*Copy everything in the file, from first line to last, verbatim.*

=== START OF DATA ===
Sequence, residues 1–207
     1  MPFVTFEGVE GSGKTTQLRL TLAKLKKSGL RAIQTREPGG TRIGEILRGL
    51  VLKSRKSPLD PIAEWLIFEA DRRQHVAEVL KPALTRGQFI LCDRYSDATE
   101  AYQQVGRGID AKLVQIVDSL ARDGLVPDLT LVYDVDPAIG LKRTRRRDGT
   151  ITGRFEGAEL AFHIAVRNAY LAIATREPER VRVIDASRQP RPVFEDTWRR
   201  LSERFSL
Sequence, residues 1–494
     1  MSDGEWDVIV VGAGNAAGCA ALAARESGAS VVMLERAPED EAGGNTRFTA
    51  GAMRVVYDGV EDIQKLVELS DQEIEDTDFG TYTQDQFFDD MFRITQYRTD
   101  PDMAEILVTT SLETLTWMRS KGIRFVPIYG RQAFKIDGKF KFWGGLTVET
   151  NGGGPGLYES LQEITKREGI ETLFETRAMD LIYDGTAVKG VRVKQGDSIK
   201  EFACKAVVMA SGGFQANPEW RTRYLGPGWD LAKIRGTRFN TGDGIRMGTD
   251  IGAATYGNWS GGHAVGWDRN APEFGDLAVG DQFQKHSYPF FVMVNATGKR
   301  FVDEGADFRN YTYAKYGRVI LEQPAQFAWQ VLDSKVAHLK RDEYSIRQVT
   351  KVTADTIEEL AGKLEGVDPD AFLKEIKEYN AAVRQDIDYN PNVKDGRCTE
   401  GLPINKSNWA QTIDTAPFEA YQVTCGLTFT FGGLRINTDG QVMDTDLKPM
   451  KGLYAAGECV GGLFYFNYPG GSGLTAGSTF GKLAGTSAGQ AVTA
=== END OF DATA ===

Sequence, residues 1–207
     1  MPFVTFEGVE GSGKTTQLRL TLAKLKKSGL RAIQTREPGG TRIGEILRGL
    51  VLKSRKSPLD PIAEWLIFEA DRRQHVAEVL KPALTRGQFI LCDRYSDATE
   101  AYQQVGRGID AKLVQIVDSL ARDGLVPDLT LVYDVDPAIG LKRTRRRDGT
   151  ITGRFEGAEL AFHIAVRNAY LAIATREPER VRVIDASRQP RPVFEDTWRR
   201  LSERFSL
Sequence, residues 1–494
     1  MSDGEWDVIV VGAGNAAGCA ALAARESGAS VVMLERAPED EAGGNTRFTA
    51  GAMRVVYDGV EDIQKLVELS DQEIEDTDFG TYTQDQFFDD MFRITQYRTD
   101  PDMAEILVTT SLETLTWMRS KGIRFVPIYG RQAFKIDGKF KFWGGLTVET
   151  NGGGPGLYES LQEITKREGI ETLFETRAMD LIYDGTAVKG VRVKQGDSIK
   201  EFACKAVVMA SGGFQANPEW RTRYLGPGWD LAKIRGTRFN TGDGIRMGTD
   251  IGAATYGNWS GGHAVGWDRN APEFGDLAVG DQFQKHSYPF FVMVNATGKR
   301  FVDEGADFRN YTYAKYGRVI LEQPAQFAWQ VLDSKVAHLK RDEYSIRQVT
   351  KVTADTIEEL AGKLEGVDPD AFLKEIKEYN AAVRQDIDYN PNVKDGRCTE
   401  GLPINKSNWA QTIDTAPFEA YQVTCGLTFT FGGLRINTDG QVMDTDLKPM
   451  KGLYAAGECV GGLFYFNYPG GSGLTAGSTF GKLAGTSAGQ AVTA